2014 UK Cycling Heatmap

As is usual the ‘hottest’ part of the map is close to home including my commuting routes. Several audax rides can be picked out in the Midlands and away rides with CTC Wantage can be seen scattered around the country.

I also went to France with CTC Wantage where we cycled near to Carcassonne with one memorable ride on the French and Spanish coast. One ride in central France isn’t shown in this map of the rides from that trip.

2014 France Cycling Heatmap

In summary my stats for 2014 were as follows.

Rides 172
Days Ridden 120
Total Distance 8,176 km (5,080 miles)
Total Climb 68,274 m (223,996 ft)
Total Time 359h 29m 50s
Longest Ride 276 km (171 miles)

My plans for 2015 took a blow when my brother died suddenly in December, we rode together and had planned to ride the National 400 audax together in July. However I’ve kept my run of 200km audax going and I might attempt back to back RRtY. I also want to try and ride a 300km audax to complete Randonneur 1000 for the season.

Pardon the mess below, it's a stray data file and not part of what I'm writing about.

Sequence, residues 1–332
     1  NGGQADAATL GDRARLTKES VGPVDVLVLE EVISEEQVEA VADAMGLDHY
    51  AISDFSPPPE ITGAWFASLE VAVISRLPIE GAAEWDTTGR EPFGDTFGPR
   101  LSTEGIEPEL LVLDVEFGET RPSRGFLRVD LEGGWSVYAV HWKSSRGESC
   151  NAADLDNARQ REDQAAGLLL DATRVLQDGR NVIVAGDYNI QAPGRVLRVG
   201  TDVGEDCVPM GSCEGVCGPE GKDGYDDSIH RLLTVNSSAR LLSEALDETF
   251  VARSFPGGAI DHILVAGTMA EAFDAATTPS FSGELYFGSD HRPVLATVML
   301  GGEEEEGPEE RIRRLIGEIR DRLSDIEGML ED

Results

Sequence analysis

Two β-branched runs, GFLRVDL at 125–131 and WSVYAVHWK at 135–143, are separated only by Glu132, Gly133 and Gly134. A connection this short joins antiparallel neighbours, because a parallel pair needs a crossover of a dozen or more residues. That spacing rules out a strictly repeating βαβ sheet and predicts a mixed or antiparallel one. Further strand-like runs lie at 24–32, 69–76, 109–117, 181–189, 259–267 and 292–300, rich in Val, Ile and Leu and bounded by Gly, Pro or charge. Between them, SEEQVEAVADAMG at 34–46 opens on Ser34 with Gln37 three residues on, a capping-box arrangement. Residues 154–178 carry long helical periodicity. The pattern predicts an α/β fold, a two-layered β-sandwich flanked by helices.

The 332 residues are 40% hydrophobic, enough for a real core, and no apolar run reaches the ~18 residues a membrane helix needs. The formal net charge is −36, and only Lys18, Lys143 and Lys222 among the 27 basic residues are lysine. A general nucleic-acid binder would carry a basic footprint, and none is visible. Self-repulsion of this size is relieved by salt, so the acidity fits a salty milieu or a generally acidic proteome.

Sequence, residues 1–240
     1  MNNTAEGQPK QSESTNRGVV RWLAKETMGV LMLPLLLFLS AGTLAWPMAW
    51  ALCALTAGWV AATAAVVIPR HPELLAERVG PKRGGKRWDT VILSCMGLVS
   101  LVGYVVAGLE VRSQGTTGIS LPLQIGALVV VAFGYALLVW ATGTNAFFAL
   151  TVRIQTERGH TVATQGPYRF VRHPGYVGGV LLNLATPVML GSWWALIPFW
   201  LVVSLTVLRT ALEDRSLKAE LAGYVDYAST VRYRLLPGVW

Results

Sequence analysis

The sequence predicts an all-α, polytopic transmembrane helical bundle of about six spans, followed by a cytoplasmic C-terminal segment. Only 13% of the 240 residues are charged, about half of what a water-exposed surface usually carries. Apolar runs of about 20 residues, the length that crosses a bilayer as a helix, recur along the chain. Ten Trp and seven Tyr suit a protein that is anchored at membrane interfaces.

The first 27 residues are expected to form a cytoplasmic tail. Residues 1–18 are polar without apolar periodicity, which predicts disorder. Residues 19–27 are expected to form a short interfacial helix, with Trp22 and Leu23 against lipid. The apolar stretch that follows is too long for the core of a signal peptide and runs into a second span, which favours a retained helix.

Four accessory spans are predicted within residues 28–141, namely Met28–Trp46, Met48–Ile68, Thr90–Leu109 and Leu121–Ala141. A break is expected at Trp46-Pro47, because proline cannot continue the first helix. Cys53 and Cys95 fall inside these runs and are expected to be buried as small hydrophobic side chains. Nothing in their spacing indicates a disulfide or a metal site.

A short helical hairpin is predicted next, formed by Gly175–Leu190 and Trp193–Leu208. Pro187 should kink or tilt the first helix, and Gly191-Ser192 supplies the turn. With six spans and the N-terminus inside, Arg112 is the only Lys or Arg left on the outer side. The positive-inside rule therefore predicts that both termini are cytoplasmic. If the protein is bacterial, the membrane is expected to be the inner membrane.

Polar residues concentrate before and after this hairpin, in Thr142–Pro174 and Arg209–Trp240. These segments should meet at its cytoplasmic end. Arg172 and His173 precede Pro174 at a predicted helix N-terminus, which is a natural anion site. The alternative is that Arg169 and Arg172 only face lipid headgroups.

Longest Cycle Ride

Yesterday saw me complete my longest cycle ride to date, 222.2km (138.1 miles). I’m trying to do Randonneur Round the Year (RRtY) which is an achievement in audaxing for completing a 200km event every month for twelve consecutive months. I did start in November and then couldn’t do one in December, so I’ve started again in January. I find 200km rides tough, mentally and physically. It’s a long time to be on a bike (around 9-10hrs cycling) and most of it on your own so your mind starts thinking thoughts you don’t need, like ‘why am I doing this?’ and ‘am I enjoying this?’.

This was a normal and pretty easy 100km Audax I’ve done several times before but I made it into an Extended Calendar Event (ECE) by cycling to and from the start (57km each way). This is one way of making recognised 200km routes and rides that count towards the RRtY achievement. I was right on my limit, physically and mentally for the last hour back home. Knowing exactly how much further I needed to go on very familiar roads made the distance seem to stretch out forever!